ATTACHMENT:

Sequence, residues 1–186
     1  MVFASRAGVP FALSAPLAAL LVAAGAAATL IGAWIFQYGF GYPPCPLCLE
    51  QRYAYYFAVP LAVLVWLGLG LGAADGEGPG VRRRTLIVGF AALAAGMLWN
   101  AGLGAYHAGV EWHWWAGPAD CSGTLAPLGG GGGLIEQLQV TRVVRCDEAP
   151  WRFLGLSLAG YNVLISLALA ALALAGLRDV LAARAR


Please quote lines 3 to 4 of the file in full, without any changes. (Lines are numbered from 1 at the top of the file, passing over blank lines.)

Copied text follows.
    51  QRYAYYFAVP LAVLVWLGLG LGAADGEGPG VRRRTLIVGF AALAAGMLWN
   101  AGLGAYHAGV EWHWWAGPAD CSGTLAPLGG GGGLIEQLQV TRVVRCDEAP